Noche UFC 293 concluded with a split decision draw between Alexa Grasso and Valentina Shevchenko, thus allowing Grasso to retain the belt. Before that, some standout performances on the card put Jack Della Maddalena, Raul Rosas Jr. and Tracy Cortez on an interesting path. Brett Okamoto, Marc Raimondi and Jeff Wagenheim react to the biggest moments of the night in Las Vegas.
It was a back-and-forth fight from start to finish. Valentina Shevchenko had the early momentum. Alexa Grasso took over. Then Shevchenko again. Then Grasso. Then … a draw?
What an unsatisfying way to end the festivities of Mexican Independence Day, a celebration of a dogged combat sports culture known for fighters battling it out until one of them cannot fight anymore. Then again, a case could be made for either of these women to have her arm raised on Saturday night, so it was poetic justice that they both had their arms raised at the conclusion of the Noche UFC main event at T-Mobile Arena in Las Vegas.
In some respects, this rematch played out much like the first meeting in March, when Grasso dethroned the longtime UFC women’s flyweight champ. And while no one could have expected a draw, how Grasso and Shevchenko competed was foreshadowed during a UFC media event during the week.
Now, prefight news conferences are typically a lot of hot air. I’m in the best shape of my life … It’s been the smoothest training camp of my career … I’m better than my opponent no matter where the fight goes … Blah blah blah. But if you listen hard enough, you might come away with an iota of insight.
Such could be found in this brief exchange between Shevchenko and Grasso during a fighter panel held this week to promote the rematch.
Shevchenko: “I want to remind to everyone: 17-time world muay Thai champion, seven title defenses. You cannot get rid of this.”
Grasso: “Being a muay Thai champion, I thought you wanted to be striking with me. But you decided to go to the ground.”
That exchange defined the first fight back in March — and signaled where each woman believed she needed to adjust for the rematch. As it turned out, Shevchenko sharpened her standup and, with few exceptions, beat Grasso to the punch again and again. And Grasso, while she did get taken down four times (same as in the first fight), showed stout defense on the canvas and ended the fight hunting for a submission.
Neither woman can be pleased with the result, especially Shevchenko, who walked out of the cage without the shiny belt she’d come for. But guess who must be pleased: the UFC, which now can set up another meeting so these well-matched fighters can complete a trilogy. — Jeff Wagenheim
Okamoto: What’s next for Grasso, Shevchenko and top stars from Noche UFC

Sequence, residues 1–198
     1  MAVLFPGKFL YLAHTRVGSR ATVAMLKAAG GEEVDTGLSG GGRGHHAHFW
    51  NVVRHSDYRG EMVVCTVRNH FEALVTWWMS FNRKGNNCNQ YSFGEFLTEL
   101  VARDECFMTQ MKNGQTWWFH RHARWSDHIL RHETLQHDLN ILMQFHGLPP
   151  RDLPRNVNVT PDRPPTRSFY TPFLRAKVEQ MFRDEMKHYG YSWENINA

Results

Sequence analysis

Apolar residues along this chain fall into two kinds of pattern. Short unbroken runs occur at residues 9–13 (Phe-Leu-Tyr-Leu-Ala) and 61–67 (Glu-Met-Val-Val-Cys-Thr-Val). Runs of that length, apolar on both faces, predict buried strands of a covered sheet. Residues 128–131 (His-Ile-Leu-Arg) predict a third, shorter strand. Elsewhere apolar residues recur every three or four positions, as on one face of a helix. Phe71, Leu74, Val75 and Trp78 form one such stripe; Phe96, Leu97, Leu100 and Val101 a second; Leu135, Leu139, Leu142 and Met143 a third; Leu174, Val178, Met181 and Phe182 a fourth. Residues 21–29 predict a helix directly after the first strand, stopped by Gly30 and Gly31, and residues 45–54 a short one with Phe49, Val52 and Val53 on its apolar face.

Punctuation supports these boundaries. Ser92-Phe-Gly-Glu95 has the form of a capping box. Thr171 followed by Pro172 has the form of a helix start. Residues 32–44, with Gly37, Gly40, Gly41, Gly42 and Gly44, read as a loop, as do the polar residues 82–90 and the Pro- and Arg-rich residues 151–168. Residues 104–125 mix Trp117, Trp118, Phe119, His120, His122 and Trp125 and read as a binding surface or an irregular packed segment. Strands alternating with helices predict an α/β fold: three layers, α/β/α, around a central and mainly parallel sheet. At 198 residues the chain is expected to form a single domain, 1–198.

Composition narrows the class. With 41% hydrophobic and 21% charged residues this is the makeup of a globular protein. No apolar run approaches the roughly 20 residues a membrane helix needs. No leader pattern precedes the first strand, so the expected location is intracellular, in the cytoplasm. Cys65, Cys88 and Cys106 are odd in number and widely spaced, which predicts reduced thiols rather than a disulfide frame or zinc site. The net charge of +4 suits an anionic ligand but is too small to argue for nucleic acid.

Alexa Grasso, flyweight champion
What Should be Next: Erin Blanchfield
It was an odd ending to a hard-fought fight, especially with so much at stake. Very unsatisfying, frankly. You don’t want to see this set of circumstances come to an inconclusive end. The question becomes, do you run it a third time? I say no. I don’t think it’s something the fans would want, and personally, I thought Grasso won. Regardless, the aura of Shevchenko is gone, and I don’t believe a 0-1-1 record against the champ begs for an immediate third fight, despite everything Shevchenko has done. I think Grasso moves on for at least one fight, and in my opinion, her next challenger should be Blanchfield.
I’m not in favor of a third fight, but if the UFC feels it has to do it to legitimately move the division forward, it would be justified.
Valentina Shevchenko, flyweight
What Should be Next: Manon Fiorot
I never saw this coming for Shevchenko. This sport is unfathomably unpredictable. The great Valentina Shevchenko is now 1-1-1 in her last three fights, and plenty of observers thought she lost to Talia Santos in 2022 and should be 0-2-1. Some adjustments need to be made, some things addressed. Or we’re witnessing the decline of a 35-year-old fighter with a long career already behind her. To me, you make a four-woman tournament at 125. Shevchenko vs. Fiorot, the French dynamic striker. Grasso vs. Blanchfield, the submission specialist. Those are the matchups to me, and you could put them on the same card and build up the winner vs. winner.
The trilogy is in play. I don’t think it will be next.
Jack Della Maddalena, welterweight
What Should be Next: Ian Garry
I’ve been saying this all year after each of their fights. Della Maddalena and Garry are now tied for the longest active win streak at welterweight with six. Most of those have been incredibly impressive. Garry had a few lackluster ones early, and Della Maddalena has had a couple of disappointing ones as of late. But at the end of the day, these two have shown incredible promise and perfect results. I like the idea of matching them together now and promoting it as the division’s future. Stylistically, it’s a great matchup between Garry’s long-range weapons and Della Maddalena’s boxing. It would be full of action and dangerous shots.